Around Mont Blanc and other mountainous areas in Europe, you will find refuges. Most refuges sit high in the mountains, remote from any towns. They tend to feature dormitory-style rooms, with bunk beds or simple mattresses on a rudimentary bed frame. Depending upon your perspective, refuges either seem like roughing it or like the very lap of luxury.
When you get to a refuge, you are greeted by staff who often know a little bit of many languages – enough to tell you what you need to know for a pleasant stay. Everywhere we went, the people spoke a little English, but told us their French was better when we told them we liked to speak in French. They will explain the rules of their particular domicile. Most ask you to take off your hiking boots in a boot room. They have communal shower clogs for people who don’t bring their own. I strongly suggest bringing a pair of cheap shower clogs to wear in the showers. They can double as shoes for mealtimes with a cosy pair of socks.
After you remove the boots, you can take your pack and find your room. Some places have designated beds and others let you choose. Note that if you are the last to arrive for the night, there may not be much choice. Either way, when you get to the room, you can carve out a small space for your pack and get settled. Many afternoons we would arrive early, and we would leave our things in the room and find a place to do some yoga. After that, we would typically set out our sleeping sacks, fish out our evening clothes and take turns finding the showers to wash the mountain off of our skin.
Sometimes you find the showers separated by gender, often in the women’s or men’s toilet area. Other times, the showers and bathrooms were co-ed, with a small private changing area right outside of the shower. They all had hot water, which felt soothing on tired muscles.
After a shower and change of clothes, we would look for somewhere to sit and read. Often we arrived well before dinner time, so we would have a lot of time to do so. Other groups would have a pre-dinner drink if one was available. Still others would explore the area a little on foot, lighter without the packs on. Then everyone would gather for dinner.
The refuges serve breakfast and dinner at set times, usually 7 am and 7 pm, and you can order a simple sandwich for lunch the next day if you ask at dinner time. They serve the food family style. You sit at a designated table with other hikers and eat family style. The meals consisted of several courses, sometimes soup, sometimes salad, an entree, sometimes cheese and dessert. We had many memorable meals, from a simple steak with fries and salad to spaghetti bolognese. The soups were warm and hearty and cooked all day. For people who have allergies or special meal requirements, it’s always best to let the refuge know in advance so they can be sure to prepare something appropriate, but they do ask about it when you arrive.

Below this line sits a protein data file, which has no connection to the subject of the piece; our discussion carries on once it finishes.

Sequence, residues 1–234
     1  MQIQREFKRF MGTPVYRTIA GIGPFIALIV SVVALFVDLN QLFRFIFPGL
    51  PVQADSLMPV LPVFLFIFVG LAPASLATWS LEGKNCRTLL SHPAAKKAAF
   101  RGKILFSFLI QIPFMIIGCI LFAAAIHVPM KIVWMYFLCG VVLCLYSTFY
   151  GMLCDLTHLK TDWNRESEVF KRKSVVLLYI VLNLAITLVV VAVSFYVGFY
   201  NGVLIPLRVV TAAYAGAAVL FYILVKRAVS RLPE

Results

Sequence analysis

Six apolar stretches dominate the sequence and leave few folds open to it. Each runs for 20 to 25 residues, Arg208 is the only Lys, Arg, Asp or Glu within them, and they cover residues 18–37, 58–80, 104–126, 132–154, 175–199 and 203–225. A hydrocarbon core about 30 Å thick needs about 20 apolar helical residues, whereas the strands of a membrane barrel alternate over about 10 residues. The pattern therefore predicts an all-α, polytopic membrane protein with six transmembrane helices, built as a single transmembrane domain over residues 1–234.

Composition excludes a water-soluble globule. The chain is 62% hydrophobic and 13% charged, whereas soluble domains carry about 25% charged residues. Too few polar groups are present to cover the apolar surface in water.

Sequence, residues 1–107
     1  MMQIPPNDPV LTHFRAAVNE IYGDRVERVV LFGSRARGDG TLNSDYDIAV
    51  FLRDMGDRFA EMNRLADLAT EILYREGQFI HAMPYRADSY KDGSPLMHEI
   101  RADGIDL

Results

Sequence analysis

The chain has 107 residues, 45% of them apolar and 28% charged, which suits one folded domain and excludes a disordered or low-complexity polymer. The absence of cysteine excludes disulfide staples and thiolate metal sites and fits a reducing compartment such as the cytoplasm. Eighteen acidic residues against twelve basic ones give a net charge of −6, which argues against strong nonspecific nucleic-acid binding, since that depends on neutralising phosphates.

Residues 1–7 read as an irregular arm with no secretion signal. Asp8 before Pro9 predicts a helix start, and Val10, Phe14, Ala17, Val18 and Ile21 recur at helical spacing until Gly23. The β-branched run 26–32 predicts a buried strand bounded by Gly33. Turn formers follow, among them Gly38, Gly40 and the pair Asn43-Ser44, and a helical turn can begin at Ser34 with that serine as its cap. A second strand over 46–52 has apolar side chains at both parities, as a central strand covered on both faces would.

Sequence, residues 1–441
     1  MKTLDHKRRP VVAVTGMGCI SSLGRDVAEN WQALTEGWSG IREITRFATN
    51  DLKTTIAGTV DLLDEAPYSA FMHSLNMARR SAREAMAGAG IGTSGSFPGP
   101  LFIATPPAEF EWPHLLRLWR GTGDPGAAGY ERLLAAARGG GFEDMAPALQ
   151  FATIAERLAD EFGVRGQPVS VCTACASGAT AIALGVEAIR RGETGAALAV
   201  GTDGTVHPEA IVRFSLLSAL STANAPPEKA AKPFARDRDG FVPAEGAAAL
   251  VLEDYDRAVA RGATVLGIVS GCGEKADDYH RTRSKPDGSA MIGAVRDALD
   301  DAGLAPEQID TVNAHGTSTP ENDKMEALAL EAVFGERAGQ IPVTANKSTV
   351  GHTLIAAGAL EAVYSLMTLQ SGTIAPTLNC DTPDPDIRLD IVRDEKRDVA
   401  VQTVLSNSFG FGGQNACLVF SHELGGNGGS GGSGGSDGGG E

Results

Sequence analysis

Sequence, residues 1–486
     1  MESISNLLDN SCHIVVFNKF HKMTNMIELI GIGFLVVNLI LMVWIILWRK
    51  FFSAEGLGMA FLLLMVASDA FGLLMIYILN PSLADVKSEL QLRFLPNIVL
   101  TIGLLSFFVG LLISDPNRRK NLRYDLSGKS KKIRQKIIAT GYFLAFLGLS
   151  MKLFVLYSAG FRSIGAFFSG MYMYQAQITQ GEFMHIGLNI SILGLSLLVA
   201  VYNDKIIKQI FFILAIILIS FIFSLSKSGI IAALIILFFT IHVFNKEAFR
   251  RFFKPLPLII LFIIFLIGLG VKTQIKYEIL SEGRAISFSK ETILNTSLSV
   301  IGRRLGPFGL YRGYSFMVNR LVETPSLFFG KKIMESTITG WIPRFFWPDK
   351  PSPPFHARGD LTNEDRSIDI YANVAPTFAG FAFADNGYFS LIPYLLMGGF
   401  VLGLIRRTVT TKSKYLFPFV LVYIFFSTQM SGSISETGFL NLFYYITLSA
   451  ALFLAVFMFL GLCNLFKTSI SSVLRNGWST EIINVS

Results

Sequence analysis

Conversations at dinner can be animated or somewhat challenging depending upon the language capabilities of the table. One night we ate dinner with a French woman who was a Spanish teacher and a Spanish couple who spoke no English or French. We had a conversation in Spanish, all of which I understood, but my Spanish is not strong enough for me to add to the conversation. Another night we had dinner with two adventure athletes from Britain. Still another, quieter night, we ate at a table with people from Norway and Sweden who could better converse in their native tongues than in English. No matter what country people hailed from, we all shared a common experience of being on the mountain.
Many of the refuges have quiet hours starting at 9 or 10, but most people, worn out from the exertion, are quiet long before that. Emile and I would retreat to the bedroom after dinner and read our Kindles. We would soon be asleep. The snoring of other people never kept me awake, although I know there were others who found it troublesome.
My son and I are early risers, so we would often get up and quietly pack our bags well before breakfast was served. We would get dressed in our hiking clothes so that we would be ready to go after we ate. Then we would head to the dining room.
Breakfast usually consisted of a variety of breads, yogurt and granola, and often some kind of cheese or meat. Butter and jam accompanied the breads, and they offered coffee and juice to drink. If we had requested a lunch the night before, we would ask and they would have them ready for us. Then we would say our goodbyes and head out for another day on the trail, until we made it to the next refuge.